Nowadays, with the explosion of content on the internet, I have seen hash tags on social media proclaiming the dish served up at a certain party a cultural revolution #jollofrevolution #jolloffortheculture #winnerjollof #Nigerianjollof. Indeed I have heard a man describe his girlfriend as Nigerian jollof; there is no better complement. If someone describes a person to you as Nigerian jollof, that person embodies all that is good and all that cannot be broken. Jollof rice has become a beloved piece of national treasure, one that attracts goodwill and unites the people; why else do you think I named my podcast “Salute to Jollof”? Here’s my podcast, for your listening pleasure.

Recently, I have begun to write and create on the subscription and patron based platform patreon. If you would like to support yours truly, and to read and listen to more of my work, please click here for my podcasts and short stories. 

 

Ghana Must Go: Nigeria’s Expulsion of Immigrants

Every Ghana-must-go bag has a story. It’s usefulness and fame in Nigeria arrived in late January 1983, when the President of Nigeria, Alhaji Shehu Shagari, held a press conference and ordered all immigrants without the right papers to leave the country within a few weeks. There were over two million people; one million were Ghanaians, and the rest were from a mix of other West African countries.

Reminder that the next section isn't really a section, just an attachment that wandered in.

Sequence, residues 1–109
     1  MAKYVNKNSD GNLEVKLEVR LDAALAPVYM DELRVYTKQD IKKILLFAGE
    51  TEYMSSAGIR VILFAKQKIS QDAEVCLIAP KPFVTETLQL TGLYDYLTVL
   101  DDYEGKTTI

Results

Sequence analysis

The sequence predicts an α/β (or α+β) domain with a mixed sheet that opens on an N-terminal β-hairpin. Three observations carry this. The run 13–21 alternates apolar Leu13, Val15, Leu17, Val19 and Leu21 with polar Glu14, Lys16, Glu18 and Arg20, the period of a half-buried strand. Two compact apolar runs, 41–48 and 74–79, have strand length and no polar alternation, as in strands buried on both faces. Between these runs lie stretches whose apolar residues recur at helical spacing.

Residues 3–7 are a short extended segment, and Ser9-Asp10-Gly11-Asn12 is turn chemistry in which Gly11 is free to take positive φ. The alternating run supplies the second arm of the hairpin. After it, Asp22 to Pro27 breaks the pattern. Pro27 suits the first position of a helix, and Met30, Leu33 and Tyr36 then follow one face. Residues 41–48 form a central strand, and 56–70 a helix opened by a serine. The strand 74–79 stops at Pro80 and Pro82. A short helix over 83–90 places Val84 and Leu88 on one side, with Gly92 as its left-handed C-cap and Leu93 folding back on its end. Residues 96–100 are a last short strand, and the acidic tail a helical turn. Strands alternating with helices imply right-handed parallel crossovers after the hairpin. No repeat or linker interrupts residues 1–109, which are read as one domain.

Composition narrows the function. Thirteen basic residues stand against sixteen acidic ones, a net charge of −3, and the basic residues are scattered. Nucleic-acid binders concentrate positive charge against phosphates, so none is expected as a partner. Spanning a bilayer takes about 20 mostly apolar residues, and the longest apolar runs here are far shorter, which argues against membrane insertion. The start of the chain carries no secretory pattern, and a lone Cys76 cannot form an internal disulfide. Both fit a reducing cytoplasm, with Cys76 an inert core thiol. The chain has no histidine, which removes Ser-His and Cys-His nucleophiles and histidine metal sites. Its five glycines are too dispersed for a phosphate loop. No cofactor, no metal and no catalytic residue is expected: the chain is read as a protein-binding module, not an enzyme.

“If they don’t leave, they should be arrested and tried, and sent back to their homes. Illegal immigrants under normal circumstances, should not be given any notice whatsoever. If you break a law, then you have to pay for it”, he said in a statement.

Ghana must go patterns. Source:www.modernghana.com
Ghana must go patterns. Source:www.modernghana.com

According to Aremu in the African Research Review (2013), this statement was greeted by a barage of criticism from the international community. Most of these immigrants lived in Lagos and had arrived during the oil boom of the 1970s. News travelled like wild fire and there was a lot of fear mongering in Lagos, rumours had it that once the deadline arrived by Feb 2, 1983, civilians had the right to confront aliens living in Lagos. Fuelled by the rumours of the Lagos treatment during the civil war, within a few days of the announcement, two million people packed what they could into “Ghana must go bags”, a large and deep bag characterised by its chequered appearance. There was massive exodus as immigrants travelled west towards Seme border; the only exit to Ghana.